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Last June, an investigator with the Prince George’s County Fire/Emergency Medical Services Department noticed some similarities between about a half-dozen recent arsons in the area. Someone was setting fire to residential homes, between 3 a.m. and 5 a.m., using an accelerant. In some cases, the arsonist set the fire near a doorway where a victim might try to escape.

As they became more certain of the links, P.G. investigators started to wonder if the problem might extend beyond the county. They shared their findings with D.C. fire officials, and by the end of June, the two departments jointly notified the press that a serial arsonist had set at least four residential fires in the metro area. An additional 15 fires, they said, appeared alike in nature. Investigators would soon add other recent arsons to the list, bringing the total number of similar fires to more than two dozen, some stretching as far back as March. One of the suspicious fires killed 86-year-old Lou Edna Jones in her Evarts Street NE home. More fires were set during the fall and winter, pushing the list to its current dimensions—35 arsons, 14 of them conclusively linked.

The fires and the task force that studied them made for one of last year’s premier local news sagas. Officials said they were investigating 300 leads. They eventually released an artist’s rendering of a suspect based on a purported sighting and put out a behavioral sketch. On Wednesday, the task force released an enhanced sketch of the arsonist and updated the toll of suspicious fires. The fresh drawing may give new life to a faltering investigation and has certainly attracted media attention. The news, too, should jolt victims of last year’s arsons, a group not entirely convinced that the offender won’t pay them a second visit.

March 5, 5:40 a.m.

Anita Kyler was born in the District before the first world war. She grew up in Southeast and never left the city. For the last half-century, she lived in a row house on D Street SE, even as her health started to deteriorate in recent years. About half of her 10 living children—who now range in age between their mid-50s and early 70s—can say they grew up in that house.

Kyler has refused to return to her house ever since someone set it on fire last March. As her children have learned, there’s no convincing the 92-year-old matriarch that it won’t happen again.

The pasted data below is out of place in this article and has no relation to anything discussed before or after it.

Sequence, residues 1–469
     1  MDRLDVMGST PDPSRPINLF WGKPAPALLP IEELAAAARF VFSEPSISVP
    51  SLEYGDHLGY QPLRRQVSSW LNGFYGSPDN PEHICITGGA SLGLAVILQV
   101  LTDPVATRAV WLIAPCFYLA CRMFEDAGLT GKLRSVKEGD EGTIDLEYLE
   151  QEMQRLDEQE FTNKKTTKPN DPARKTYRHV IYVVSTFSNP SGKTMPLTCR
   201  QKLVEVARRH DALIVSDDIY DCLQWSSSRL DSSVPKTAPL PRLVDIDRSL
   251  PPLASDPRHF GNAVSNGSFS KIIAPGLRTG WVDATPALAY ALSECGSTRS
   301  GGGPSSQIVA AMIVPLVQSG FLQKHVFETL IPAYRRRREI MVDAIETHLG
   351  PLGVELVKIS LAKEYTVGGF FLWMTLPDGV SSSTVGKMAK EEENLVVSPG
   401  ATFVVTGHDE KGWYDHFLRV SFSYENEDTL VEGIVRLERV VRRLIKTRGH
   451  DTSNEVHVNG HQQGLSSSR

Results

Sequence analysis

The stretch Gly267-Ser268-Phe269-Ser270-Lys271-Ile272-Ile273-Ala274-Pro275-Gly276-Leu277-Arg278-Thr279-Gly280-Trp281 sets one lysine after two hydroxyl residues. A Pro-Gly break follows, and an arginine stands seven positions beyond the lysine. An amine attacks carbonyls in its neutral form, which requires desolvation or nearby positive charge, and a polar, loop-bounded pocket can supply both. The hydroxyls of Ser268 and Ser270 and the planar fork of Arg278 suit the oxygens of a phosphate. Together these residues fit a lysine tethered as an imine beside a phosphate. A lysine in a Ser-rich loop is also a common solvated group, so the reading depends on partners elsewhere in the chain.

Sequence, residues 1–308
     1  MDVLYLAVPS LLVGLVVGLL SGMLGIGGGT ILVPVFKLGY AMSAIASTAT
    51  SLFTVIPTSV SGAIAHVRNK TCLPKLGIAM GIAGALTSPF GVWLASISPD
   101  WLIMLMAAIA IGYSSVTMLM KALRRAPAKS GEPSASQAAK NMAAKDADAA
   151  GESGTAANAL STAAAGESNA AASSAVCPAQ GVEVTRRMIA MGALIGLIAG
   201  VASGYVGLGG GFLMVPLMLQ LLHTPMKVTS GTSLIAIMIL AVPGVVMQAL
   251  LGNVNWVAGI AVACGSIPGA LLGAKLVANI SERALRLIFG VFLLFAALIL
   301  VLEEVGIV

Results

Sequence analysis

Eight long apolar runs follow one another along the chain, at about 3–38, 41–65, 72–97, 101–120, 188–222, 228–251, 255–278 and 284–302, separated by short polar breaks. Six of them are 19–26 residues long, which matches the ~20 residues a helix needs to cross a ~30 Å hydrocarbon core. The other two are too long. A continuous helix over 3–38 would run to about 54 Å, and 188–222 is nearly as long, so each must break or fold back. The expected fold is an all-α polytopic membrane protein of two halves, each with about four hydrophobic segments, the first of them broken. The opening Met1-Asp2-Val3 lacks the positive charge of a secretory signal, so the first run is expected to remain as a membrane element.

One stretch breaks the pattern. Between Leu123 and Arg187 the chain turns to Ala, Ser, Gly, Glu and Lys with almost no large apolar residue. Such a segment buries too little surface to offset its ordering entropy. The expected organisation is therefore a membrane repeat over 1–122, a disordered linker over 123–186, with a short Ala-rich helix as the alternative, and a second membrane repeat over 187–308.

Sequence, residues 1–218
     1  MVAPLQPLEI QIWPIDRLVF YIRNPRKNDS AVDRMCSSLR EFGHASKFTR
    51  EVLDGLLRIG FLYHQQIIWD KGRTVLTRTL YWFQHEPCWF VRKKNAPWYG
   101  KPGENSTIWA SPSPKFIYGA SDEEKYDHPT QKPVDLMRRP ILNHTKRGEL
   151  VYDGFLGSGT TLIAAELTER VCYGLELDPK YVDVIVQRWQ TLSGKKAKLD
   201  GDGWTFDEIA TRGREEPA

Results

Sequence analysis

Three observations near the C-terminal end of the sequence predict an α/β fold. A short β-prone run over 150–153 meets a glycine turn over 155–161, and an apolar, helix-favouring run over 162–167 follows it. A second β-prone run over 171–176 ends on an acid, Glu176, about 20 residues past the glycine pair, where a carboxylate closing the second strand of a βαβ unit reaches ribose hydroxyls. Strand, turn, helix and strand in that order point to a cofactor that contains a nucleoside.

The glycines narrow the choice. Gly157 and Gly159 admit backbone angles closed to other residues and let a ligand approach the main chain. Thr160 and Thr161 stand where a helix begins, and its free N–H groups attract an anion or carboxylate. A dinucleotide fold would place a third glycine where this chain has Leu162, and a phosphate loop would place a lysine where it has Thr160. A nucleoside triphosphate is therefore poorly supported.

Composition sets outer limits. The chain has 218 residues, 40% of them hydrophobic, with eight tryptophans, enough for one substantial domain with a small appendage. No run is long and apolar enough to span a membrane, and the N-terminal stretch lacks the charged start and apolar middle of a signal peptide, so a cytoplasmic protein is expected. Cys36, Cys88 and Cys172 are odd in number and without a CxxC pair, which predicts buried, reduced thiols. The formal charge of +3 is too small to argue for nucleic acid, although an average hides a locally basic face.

The fire, which caused about $16,000 in damage, burned the basement door and awning and extended to the first floor. The family could afford the inconvenience but not their mother’s trauma: Someone had deliberately set fire to her house, and she was leaving permanently. For months, she’s been adrift between homes as she fights the arthritis that ravages her, she says, “from head to feet.” She can’t walk without assistance, so her displacement has been a special burden on her and her family. Fortunately, every one of her surviving children still lives either in the District or Prince George’s County.

“I’m like an airplane,” says Kyler. “I go from house to house like an airplane goes from city to city.”

She stayed at two of her daughters’ houses before landing a Brookland apartment, which she had to vacate in January when her insurance carrier stopped covering her living expenses. At that point, she moved into an assisted-living home, paid for by the family, but she lasted only a week there. She found the ringleader of the elderly residents to be “too bossy,” in the words of one of her daughters. Since then, she’s been at the Capitol Heights, Md., home of daughter Barbara Jefferson, which is within three blocks of two other arsons on the list compiled by investigators as “similar in nature.”

The fire, which occurred three days after Kyler’s 92nd birthday, is the earliest on the arson list. Kyler had to be carried out of a second-floor bedroom by a pair of Washington Gas workers who’d been flagged down by Joyce Woods, the family friend staying with her at the time. Kyler normally would have been in her furnished basement, near the door where the fire was set, but Woods, whom Kyler considers an unofficially adopted daughter, had persuaded her to sleep upstairs that night. “She said, ‘Mom, let’s go upstairs,’” recalls Kyler, who has trouble remembering everything from the morning of the fire. “I said OK. Any other night I would have been sleeping down there.”